Instruction : Bit positions : RTL : Example Move Rx 0xdddd : 00 0000 XX DD DDDDDD DDDDDDDD : Rx <- 0xdddd : move Ra, 0x1234 Add Rx 0xdddd : 00 0001 XX DD DDDDDD DDDDDDDD : Rx <- Rx + 0xdddd : add Ra, 0x1234 Sub Rx 0xdddd : 00 0010 XX DD DDDDDD DDDDDDDD : Rx <- Rx - 0xdddd : sub Ra, 0x1234 Load Rx 0xdddd : 00 0011 XX AA AAAAAA AAAAAAAA : Rx <- M[0xaaaa] : load Ra, 0x1234 Store Rx 0xdddd : 00 0100 XX AA AAAAAA AAAAAAAA : M[0xaaaa] <- Rx : store Ra, 0x1234 And Rx 0xdddd : 00 0101 XX DD DDDDDD DDDDDDDD : Rx <- Rx & 0xdddd : and Ra, 0x1234 Or Rx 0xdddd : 00 0110 XX DD DDDDDD DDDDDDDD : Rx <- Rx | 0xdddd : or Ra, 0x1234 Xor Rx 0xdddd : 00 0111 XX DD DDDDDD DDDDDDDD : Rx <- Rx ^ 0xdddd : Xor Ra, 0x1234 Move Rx Ry : 01 0000 XX YY ...... ........ : Rx <- Ry : move Ra, Rb Add Rx Ry : 01 0001 XX YY ...... ........ : Rx <- Rx + Ry : add Ra, Rb Sub Rx Ry : 01 0010 XX YY ...... ........ : Rx <- Rx - Ry : sub Ra, Rb Load Rx (Ry) : 01 0011 XX YY ...... ........ : Rx <- M[Ry] : load Ra, (Rb) Store Rx (Ry) : 01 0100 XX YY ...... ........ : M[Ry] <- Rx : store Ra, (Rb) And Rx Ry : 01 0101 XX YY ...... ........ : Rx <- Rx & Ry : and Ra, Rb Or Rx Ry : 01 0110 XX YY ...... ........ : Rx <- Rx | Ry : or Ra, Rb Xor Rx Ry : 01 0111 XX YY ...... ........ : Rx <- Rx ^ Ry : xor Ra, Rb Sr0 Rx : 01 1000 XX .. ...... ........ : Rx <- Rx >> 1 : sr0 Ra Sl0 Rx : 01 1001 XX .. ...... ........ : Rx <- Rx << 1 : sl0 Ra Ror Rx : 01 1010 XX .. ...... ........ : Rx <- Rx >> 1 : ror Ra Rol Rx : 01 1011 XX .. ...... ........ : Rx <- Rx << 1 : rol Ra Jump U 0xaaaa : 10 0000 .. AA AAAAAA AAAAAAAA : PC <- 0xaaaa : jumpU 0x1234 Jump Z 0xaaaa : 10 0001 .. AA AAAAAA AAAAAAAA : if Z: PC <- 0xaaaa : jumpZ 0x1234 Jump NZ 0xaaaa : 10 0010 .. AA AAAAAA AAAAAAAA : if NZ: PC <- 0xaaaa : jumpNZ 0x1234 Jump C 0xaaaa : 10 0011 .. AA AAAAAA AAAAAAAA : if C: PC <- 0xaaaa : jumpC 0x1234 Jump NC 0xaaaa : 10 0100 .. AA AAAAAA AAAAAAAA : if NC: PC <- 0xaaaa : jumpNC 0x1234 Jump N 0xaaaa : 10 0101 .. AA AAAAAA AAAAAAAA : if N: PC <- 0xaaaa : jumpN 0x1234 Jump NN 0xaaaa : 10 0110 .. AA AAAAAA AAAAAAAA : if NN: PC <- 0xaaaa : jumpNN 0x1234 Jump P 0xaaaa : 10 0111 .. AA AAAAAA AAAAAAAA : if P: PC <- 0xaaaa : jumpP 0x1234 Jump NP 0xaaaa : 10 1000 .. AA AAAAAA AAAAAAAA : if NP: PC <- 0xaaaa : jumpNP 0x1234 Jump O 0xaaaa : 10 1001 .. AA AAAAAA AAAAAAAA : if O: PC <- 0xaaaa : jumpO 0x1234 Jump NO 0xaaaa : 10 1010 .. AA AAAAAA AAAAAAAA : if NO: PC <- 0xaaaa : jumpNO 0x1234 Jump (Ry) : 10 1011 .. YY ...... ........ : PC <- Ry : jump (Ra) Call 0xaaaa : 10 1100 .. .. AAAAAA AAAAAAAA : PC <- 0xaaaa, Rd <- PC : call 0x1234 Ret : 10 1101 .. .. ...... ........ : PC <- Rd : ret Dump : 11 1111 .. .. ...... ........ : DMP <- 1 : dump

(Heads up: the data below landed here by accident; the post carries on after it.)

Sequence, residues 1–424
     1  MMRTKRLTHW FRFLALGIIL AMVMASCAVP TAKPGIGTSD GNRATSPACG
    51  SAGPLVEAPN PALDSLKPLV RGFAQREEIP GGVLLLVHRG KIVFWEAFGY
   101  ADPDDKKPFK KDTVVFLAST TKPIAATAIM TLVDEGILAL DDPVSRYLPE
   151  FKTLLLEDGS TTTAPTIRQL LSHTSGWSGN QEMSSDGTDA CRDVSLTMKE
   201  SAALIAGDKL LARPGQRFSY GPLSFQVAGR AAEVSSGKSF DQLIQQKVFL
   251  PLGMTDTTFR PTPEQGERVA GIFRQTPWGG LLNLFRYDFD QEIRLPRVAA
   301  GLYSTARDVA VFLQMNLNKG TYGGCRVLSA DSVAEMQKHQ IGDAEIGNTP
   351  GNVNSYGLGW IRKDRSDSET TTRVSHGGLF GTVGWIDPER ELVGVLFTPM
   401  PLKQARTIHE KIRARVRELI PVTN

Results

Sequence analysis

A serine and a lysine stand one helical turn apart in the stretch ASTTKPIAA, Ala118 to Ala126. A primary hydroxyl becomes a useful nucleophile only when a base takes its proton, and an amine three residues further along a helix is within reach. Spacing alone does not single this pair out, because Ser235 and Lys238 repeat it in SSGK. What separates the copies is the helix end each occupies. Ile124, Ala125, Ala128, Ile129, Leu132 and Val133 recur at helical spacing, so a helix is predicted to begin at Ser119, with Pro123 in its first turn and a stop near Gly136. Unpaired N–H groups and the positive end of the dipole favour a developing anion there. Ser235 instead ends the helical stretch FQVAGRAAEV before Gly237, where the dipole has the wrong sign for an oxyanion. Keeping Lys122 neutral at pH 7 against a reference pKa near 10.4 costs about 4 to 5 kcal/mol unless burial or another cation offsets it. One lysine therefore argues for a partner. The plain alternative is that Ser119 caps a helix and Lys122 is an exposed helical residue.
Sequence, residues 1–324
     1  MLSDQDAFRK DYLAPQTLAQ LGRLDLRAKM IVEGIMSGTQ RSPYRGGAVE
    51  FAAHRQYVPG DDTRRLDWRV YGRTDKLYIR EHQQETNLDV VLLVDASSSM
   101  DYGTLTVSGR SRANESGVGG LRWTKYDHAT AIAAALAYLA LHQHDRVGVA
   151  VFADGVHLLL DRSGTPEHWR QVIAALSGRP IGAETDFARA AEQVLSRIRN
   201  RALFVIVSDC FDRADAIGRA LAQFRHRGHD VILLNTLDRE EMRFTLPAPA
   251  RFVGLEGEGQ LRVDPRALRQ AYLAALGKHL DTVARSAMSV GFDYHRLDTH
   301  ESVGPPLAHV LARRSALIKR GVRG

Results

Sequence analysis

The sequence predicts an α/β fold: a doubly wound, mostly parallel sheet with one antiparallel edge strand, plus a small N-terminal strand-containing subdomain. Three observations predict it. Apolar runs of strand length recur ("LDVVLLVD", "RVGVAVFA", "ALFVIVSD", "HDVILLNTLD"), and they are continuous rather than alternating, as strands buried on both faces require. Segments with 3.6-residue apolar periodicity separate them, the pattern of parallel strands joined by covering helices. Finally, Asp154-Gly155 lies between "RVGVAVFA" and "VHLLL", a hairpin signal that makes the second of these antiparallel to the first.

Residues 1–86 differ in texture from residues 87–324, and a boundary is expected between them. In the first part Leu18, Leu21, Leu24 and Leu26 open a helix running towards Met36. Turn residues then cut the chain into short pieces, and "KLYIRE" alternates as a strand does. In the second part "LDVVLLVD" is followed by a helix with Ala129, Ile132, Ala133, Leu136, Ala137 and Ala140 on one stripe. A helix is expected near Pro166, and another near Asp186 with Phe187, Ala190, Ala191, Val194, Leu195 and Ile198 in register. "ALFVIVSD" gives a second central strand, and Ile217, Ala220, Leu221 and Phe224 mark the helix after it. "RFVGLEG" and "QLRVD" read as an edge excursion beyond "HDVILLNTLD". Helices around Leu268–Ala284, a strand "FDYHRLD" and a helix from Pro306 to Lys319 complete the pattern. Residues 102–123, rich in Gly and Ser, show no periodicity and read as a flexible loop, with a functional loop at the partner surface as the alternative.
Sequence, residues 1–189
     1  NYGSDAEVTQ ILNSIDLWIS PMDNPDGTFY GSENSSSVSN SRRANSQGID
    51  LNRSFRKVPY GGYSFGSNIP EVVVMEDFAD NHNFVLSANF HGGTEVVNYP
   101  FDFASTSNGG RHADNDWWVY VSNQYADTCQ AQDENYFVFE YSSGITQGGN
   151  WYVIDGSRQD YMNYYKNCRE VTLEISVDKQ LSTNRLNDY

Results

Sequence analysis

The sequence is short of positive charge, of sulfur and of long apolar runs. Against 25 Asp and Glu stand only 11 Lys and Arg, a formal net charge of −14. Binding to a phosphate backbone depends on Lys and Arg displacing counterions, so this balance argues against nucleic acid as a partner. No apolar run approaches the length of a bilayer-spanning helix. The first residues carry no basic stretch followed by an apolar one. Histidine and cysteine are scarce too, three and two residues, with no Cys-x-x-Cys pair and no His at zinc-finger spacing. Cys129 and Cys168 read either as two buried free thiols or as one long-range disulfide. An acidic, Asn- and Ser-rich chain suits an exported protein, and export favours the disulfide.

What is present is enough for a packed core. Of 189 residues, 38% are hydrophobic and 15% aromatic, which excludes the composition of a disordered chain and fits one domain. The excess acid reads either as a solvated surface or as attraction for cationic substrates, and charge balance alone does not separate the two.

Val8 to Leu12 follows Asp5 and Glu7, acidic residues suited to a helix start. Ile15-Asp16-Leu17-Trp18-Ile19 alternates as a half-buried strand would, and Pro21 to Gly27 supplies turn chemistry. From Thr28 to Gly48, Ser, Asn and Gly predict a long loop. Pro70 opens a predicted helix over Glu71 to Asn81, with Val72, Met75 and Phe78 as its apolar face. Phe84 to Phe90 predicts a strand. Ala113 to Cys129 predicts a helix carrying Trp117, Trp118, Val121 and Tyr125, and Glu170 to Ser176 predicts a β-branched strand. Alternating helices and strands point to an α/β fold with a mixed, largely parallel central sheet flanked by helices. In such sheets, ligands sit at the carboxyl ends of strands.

Key: "." = not used, "D" = data bit, "A" = address bit, "X" = register X select bit, "Y" = register Y select bit. Register RX and RY can be any of the four general purpose registers i.e. RA, Rb, RC, or RD. Addresses and immediate data values are limited to 16 bit values. All instructions are 24 bit fixed length.
There are 33 instructions, but this could be expanded to 64 if needed. From the image processing point of view we could definitely implement some RGB specific instructions e.g. SIMD type instructions, processing the three 8 bit values in one instruction. However, for the moment we have the basics. Note, the CALL instruction is a modified JUMP, when this instruction is executed the current value of the PC (already incremented by 1) is stored in register RD. If this register is needed by the subroutine, it is responsible for buffering this value out to external memory, or a software implemented stack in external memory. If a software stack is implemented in memory you would also need to consider using one of the general purpose registers as a stack pointer. This approach is quite common in RISCs e.g. you may typically "have" 32 general purpose registers in these machines, but you soon find out that some are reserved for other purposes, which quickly reduces the number of true general purpose registers available to the programmer :). The DUMP instruction is only really used in simulations, if this instruction is executed the CPU pulses the DMP input on the memory component, dumping its current state to a file on the host computer running the simulation.